enrichment plant would take about 3.6 tonnes of uranium, and 4,000 SWU to produce the 20 kg of highly enriched
uranium required for a modern Hiroshima style bomb. But starting with 3% enriched uranium reactor fuel it would take
only about 520 kg of the reactor fuel and 1,500 SWU to do the same job.

Further, the same enrichment facility can be used to achieve weapons grade. Enrichment facilities, supposedly
provided for peaceful purposes have been used in this way in the past, and therefore the spread of such facilities
present a proliferation hazard. This may grow since the Nuclear Non-Proliferation Treaty framework is faltering in its
effectiveness, and as North Korea has shown, countries may withdraw from it with only one month’s notice. Please
refer Fact Sheet 9 in this series for more details on nuclear proliferation.

Implications for Australia
Given that there is enough enrichment capacity in the world it is unlikely that commercial considerations would lead to
the investment in an enrichment facility in Australia, particularly as there are no domestic nuclear power stations. As
BHP Billiton has said “there is neither a commercial nor a non-proliferation case for it to become involved in front-end
processing …”.4

A uranium enrichment plant in Australia could also have a destabilising affect, with concerns having been expressed,
for example, by a former Indonesian presidential advisor Dr. Dewi Anwar, who has said that Australia needs to
reassure its neighbours that it has no desire to acquire nuclear weapons. “I think it’s very important that Australia
does assure the international community that it will not add another security threat to the already very unstable global
situation at the moment,” she said. “Indonesia and the (Association of South East Asian Nations) ASEAN countries
would probably be concerned about Australia doing uranium enrichment until we get more details of it.” Dr Anwar also
says her country could consider the possibility of uranium enrichment. “Indonesia would also have the right to enrich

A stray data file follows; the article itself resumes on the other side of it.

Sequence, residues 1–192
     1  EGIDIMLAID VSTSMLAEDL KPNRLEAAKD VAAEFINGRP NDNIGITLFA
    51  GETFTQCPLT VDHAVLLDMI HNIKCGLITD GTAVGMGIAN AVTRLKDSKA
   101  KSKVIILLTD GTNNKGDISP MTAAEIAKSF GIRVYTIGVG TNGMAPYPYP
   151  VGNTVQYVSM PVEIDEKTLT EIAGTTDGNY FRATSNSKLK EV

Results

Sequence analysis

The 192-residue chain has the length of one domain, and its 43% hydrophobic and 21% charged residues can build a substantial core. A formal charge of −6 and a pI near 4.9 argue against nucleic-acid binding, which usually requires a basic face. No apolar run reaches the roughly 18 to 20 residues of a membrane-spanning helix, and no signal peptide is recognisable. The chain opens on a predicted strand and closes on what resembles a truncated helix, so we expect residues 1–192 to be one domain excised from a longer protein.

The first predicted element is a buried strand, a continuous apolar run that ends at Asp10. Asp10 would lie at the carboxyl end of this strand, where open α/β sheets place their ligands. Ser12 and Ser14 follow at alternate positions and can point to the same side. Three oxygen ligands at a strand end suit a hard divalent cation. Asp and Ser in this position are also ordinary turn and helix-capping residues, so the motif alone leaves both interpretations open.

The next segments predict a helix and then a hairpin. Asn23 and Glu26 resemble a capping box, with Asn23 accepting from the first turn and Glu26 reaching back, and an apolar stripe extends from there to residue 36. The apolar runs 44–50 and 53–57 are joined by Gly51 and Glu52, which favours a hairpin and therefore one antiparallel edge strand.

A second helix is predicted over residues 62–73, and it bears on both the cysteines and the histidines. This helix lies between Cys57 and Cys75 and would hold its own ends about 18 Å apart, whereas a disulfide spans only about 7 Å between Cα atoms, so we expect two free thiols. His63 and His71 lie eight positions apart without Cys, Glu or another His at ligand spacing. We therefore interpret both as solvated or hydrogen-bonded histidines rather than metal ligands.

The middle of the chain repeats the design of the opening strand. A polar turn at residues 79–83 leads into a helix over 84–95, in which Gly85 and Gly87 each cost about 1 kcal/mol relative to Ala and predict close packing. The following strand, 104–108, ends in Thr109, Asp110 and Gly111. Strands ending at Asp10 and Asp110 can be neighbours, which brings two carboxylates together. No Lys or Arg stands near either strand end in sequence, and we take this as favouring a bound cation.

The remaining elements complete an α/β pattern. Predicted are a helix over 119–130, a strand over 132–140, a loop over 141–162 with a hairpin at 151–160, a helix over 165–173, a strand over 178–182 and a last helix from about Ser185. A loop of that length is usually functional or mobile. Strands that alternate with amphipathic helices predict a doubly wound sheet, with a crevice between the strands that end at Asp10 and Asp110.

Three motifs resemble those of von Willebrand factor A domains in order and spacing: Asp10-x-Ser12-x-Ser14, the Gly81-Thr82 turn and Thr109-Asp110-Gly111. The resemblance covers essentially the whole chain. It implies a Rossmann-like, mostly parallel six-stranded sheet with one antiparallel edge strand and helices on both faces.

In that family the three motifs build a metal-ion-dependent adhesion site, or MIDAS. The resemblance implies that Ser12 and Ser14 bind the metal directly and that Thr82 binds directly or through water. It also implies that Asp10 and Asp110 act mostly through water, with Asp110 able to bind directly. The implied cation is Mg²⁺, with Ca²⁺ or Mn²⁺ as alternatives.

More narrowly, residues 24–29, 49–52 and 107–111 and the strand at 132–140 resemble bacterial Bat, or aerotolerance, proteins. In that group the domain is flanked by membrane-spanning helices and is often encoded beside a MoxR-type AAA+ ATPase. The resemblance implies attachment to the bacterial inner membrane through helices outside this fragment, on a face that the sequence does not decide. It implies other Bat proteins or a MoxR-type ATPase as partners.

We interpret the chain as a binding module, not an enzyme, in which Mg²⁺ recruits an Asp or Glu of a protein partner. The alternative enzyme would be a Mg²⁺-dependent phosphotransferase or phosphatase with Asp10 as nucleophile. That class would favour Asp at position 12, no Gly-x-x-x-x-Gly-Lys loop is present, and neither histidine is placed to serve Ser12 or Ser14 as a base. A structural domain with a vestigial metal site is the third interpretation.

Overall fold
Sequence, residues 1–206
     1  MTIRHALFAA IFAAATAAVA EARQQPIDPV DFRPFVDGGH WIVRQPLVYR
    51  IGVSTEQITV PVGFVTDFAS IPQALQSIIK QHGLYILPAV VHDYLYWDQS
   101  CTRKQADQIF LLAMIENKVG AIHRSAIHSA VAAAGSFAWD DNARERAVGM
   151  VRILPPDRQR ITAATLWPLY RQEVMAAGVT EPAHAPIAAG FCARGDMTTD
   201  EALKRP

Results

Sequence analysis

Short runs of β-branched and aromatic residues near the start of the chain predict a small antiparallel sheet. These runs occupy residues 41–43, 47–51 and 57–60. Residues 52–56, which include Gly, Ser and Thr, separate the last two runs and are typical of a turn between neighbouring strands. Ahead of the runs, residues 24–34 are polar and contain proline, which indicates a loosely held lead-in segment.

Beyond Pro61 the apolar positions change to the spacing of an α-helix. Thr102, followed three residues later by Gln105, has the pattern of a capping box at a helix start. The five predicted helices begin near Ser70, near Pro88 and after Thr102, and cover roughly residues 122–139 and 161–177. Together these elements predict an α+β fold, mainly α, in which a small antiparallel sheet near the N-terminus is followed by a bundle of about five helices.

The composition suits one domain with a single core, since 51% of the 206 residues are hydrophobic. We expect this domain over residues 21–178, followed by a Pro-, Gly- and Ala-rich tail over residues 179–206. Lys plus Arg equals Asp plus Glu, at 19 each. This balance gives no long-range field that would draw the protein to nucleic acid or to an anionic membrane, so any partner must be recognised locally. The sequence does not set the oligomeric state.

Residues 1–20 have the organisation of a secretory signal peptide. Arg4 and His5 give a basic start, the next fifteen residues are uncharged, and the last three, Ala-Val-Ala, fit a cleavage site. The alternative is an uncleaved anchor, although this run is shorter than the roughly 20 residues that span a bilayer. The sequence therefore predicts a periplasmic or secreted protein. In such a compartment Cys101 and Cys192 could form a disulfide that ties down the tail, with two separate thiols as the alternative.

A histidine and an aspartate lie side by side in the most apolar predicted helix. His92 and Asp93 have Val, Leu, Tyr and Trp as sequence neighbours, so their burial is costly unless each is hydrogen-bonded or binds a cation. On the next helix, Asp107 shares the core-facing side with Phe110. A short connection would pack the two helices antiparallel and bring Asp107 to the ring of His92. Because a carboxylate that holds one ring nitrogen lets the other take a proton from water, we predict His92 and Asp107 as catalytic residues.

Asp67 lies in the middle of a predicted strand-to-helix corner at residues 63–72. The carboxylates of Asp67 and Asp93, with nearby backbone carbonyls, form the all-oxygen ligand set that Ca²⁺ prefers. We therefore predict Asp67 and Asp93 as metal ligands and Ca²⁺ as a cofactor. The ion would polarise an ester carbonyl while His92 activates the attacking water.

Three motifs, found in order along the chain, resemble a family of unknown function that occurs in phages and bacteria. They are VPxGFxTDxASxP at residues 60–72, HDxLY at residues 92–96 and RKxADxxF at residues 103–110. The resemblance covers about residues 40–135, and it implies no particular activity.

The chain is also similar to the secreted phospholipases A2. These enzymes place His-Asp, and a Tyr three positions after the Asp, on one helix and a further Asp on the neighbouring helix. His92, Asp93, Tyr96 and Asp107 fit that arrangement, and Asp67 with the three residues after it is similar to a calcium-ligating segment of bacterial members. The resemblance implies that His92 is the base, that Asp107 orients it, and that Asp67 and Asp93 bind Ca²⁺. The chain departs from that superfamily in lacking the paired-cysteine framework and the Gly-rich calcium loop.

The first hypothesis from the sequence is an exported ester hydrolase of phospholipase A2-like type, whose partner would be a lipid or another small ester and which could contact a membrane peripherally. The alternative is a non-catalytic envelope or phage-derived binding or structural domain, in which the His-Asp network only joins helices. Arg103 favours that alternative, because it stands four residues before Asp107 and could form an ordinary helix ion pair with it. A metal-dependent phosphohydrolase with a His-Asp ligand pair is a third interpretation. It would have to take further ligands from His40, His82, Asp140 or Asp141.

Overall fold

uranium as long it is for peaceful purposes and within the IAEA (International Atomic Energy Agency) safeguards,”
she said. “Because Indonesia would not want to be totally dependent on a few nuclear suppliers.” But the Foreign
Affairs Minister has assured Indonesia that Australian uranium will not be used to make nuclear weapons. Alexander
Downer says there is no cause for concern. “I would have that international security would have been better served
by enriched uranium coming from a country as secure, as stable, as democratic and as responsible as Australia,” he
said.5



Further Reading:

BHP Billiton, Submssion to the Uranium Mining, Processing and Nuclear Power Review, 2006. http://www.dpmc.gov.
au/umpner/submissions/223_sub_umpner.pdf
Institute for Energy and Environmental Research, Uranium Enrichment, 2004. http://www.ieer.org
Uranium Information Centre, “Uranium Enrichment”, http://www.uic.com.au/nip33.htm
U.S. Nuclear Regulatory Commission, http://www.nrc.gov/materials/fuel-cycle-fac/ur-enrichment.html
Wikipedia, http://en.wikipedia.org./wiki/Uranium_enrichment


References:

1   Makhijani, A., et al., Institute for Energy and Environmental Research, Uranium Enrichment, 2004.
    http://www.ieer.org
2   Ramana, M. V., “An Estimate of India’s Uranium Enrichment Capacity”, Science and Global Security,
    2:5-24, 2004.
3   Murphy, Katharine, “BHP says enriching uranium locally ‘unviable’”, The Age, 5/10/2006.
4   Murphy, op cit.
5   http://www.abc.net.au/news/newsitems/200609/s1731694.htm

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About the Authors:

Professor Jim Falk has a PhD is in theoretical physics, and over the last 25 years he has specialised in the study
of the nature, impact and management of science and technology in their social contexts. He is the author or co-
author of over 00 scholarly papers and 5 books. He has published extensively on nuclear power and energy
policy, was for a number of years a Ministerial appointee on the Alligator Rivers Region Environmental Technical
Advisory Committee, and was recently appointed by the Australian Radiation Protection and Nuclear Safety Agency
(ARPANSA) to assist as member of a three member expert panel to consider public submissions on the licensing of
the new Opal nuclear research reactor at Lucas Heights.

Roger Bodman is a Research Assistant at the University of Melbourne.



About our organisation:

energyscience.org.au is a co-operative production by a group of concerned scientists, engineers and policy experts
that seek to promote a balanced and informed discussion on the future energy options for Australia.
With increasing concern over the looming impact of global climate change the community needs to be aware of the
issues involved. energyscience aims to provide reliable and evidence based information to our whole community

Contact details:

via our website: www.energyscience.org.au